The slats can be either rigid or you can buy adjustable ones. The rigid ones will make the bed feel significantly firmer, but work against the mattress, as it has to do all the work of adjusting to a person's movements and weight. Sprung slats work with the mattress, thus prolonging its life.
Jessica Alexander says: "If you don't want a divan, then sprung slats are the next best thing, as you can change the tension in places to suit you. The more slats there are, the firmer the support, although the gaps do provide ventilation."
*The term "orthopaedic" just means an extra-firm bed. It is not based on any medical standard.
*Narrow your choice to two or three, and spend a minimum of 10 minutes lying in each in your normal sleeping positions. If you are buying a base without a mattress, ask the retailer to move a mattress the same as yours on to the base, so you can tell if it is comfortable.
*One way to check if the mattress is too hard or soft is by lying on your back, with your hand in the small of your back, and trying to wiggle your fingers. If it moves too easily the bed may be too hard. If it's difficult to move your hand, it's probably too soft.
Orla Kiely Lambay Bed, £1,495
The redoubtable Ms Kiely has moved into furniture; her collection is only at Heals. The retro-style frame is made from American black walnut and the headboard incorporates floating shelves on either side.
0870 024 0780; www.heals.co.uk
Barcelona white lacquer bed, £549
Not only is this half the price of the Italian bed, but it was designed and made in the UK. Perfect for the contemporary bedroom, the range includes a simple cuboid bedside table, as well as a dressing table and wardrobe, though that might all be a bit matchy-matchy for some tastes.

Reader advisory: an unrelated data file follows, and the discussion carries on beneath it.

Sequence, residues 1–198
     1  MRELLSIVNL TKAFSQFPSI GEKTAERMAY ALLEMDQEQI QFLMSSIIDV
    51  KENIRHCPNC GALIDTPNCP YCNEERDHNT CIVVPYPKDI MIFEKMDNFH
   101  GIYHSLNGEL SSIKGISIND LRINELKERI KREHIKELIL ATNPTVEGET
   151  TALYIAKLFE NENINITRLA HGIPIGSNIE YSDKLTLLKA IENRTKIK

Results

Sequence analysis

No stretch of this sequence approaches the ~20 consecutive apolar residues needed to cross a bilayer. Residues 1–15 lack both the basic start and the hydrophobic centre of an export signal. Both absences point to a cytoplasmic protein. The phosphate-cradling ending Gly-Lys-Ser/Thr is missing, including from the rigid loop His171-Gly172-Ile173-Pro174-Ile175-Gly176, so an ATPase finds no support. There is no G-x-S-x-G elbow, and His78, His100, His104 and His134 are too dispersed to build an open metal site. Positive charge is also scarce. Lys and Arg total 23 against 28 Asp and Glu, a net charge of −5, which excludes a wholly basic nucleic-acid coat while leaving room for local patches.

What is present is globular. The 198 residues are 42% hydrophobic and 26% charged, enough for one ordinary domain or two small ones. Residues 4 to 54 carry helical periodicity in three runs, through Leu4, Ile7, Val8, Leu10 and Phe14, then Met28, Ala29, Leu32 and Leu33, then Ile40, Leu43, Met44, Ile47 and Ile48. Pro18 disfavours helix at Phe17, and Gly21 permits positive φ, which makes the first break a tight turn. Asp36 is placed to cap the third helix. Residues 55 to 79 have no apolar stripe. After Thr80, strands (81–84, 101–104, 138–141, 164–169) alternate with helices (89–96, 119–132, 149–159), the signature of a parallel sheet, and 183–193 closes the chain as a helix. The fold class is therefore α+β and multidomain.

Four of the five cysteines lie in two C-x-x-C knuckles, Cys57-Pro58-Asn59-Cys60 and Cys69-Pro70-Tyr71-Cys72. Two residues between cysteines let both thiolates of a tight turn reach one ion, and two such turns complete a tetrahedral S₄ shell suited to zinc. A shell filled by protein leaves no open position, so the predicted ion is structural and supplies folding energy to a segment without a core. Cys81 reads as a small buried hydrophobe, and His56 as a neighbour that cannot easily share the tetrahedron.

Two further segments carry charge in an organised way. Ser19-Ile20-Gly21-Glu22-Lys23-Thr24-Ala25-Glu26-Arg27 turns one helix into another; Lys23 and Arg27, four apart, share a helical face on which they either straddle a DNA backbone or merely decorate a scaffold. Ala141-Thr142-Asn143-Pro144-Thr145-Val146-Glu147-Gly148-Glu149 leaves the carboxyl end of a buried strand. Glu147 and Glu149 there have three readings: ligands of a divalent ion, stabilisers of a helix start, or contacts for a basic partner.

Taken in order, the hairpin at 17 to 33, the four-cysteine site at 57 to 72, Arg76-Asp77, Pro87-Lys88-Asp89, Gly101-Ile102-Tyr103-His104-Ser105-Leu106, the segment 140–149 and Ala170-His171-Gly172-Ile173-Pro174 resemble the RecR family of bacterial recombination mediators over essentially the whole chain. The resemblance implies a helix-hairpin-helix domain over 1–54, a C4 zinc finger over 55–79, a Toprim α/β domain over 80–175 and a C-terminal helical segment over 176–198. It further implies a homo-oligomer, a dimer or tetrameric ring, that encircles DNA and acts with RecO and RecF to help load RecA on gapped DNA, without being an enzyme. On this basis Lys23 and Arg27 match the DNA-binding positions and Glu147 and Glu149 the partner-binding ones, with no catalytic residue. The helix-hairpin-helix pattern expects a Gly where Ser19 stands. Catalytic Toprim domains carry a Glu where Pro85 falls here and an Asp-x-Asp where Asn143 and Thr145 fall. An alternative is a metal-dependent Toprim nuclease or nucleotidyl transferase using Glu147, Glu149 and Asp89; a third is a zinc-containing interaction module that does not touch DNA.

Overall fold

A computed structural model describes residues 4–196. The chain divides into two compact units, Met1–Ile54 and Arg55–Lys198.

0845 652 0332; www.gomodern.co.uk
Bonaldo Bloom, £1,260
Designed by Peter Ross, this simple bed is fully covered in either leather or fabric. All the covers are fully removable for washing and you can buy extra covers if you fancy changing the look between summer and winter. It can also be bought with a storage base underneath – echoing the useful part of the divan.
0845 652 0332; www.gomodern.co.uk
Mega Butterfly, £8,750
Made in hide, with built-in lighting, this bed just hints at what a bed could be in a huge room – with a budget to match. Chaplins has hundreds of other "statement" beds, at a range of prices.
020-8421 1779; www.chaplins.co.uk
Versailles upholstered, from £2,750
Doesn't everyone want to hide under the bedclothes when the real world gets tough? This bed responds to that desire by using silver leaf and crackled gold glaze to impart a sense of drama. The company, And So To Bed, also includes the Bonaparte, Churchill, Juliet and Josephine in this particular line.
0808 144 4343; www.andsotobed.co.uk
Evia, from £745
Warren Evans use only FSC-certified wood, and everything is made by hand. If you want a plain, well-made wooden bedframe, this is the place to come, but this upholstered bed is also a simple design that comes with the option of matching underbed storage.
020-7693 8988; www.warrenevans.co.ukReuse content